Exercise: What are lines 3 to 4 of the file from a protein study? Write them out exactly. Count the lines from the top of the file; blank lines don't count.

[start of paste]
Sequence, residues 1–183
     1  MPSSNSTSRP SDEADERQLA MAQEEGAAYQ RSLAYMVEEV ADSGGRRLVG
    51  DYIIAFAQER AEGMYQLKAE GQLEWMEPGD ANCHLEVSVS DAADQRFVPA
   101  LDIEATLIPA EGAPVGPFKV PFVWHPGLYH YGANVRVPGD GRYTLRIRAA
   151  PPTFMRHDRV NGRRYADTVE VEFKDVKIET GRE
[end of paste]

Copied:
    51  DYIIAFAQER AEGMYQLKAE GQLEWMEPGD ANCHLEVSVS DAADQRFVPA
   101  LDIEATLIPA EGAPVGPFKV PFVWHPGLYH YGANVRVPGD GRYTLRIRAA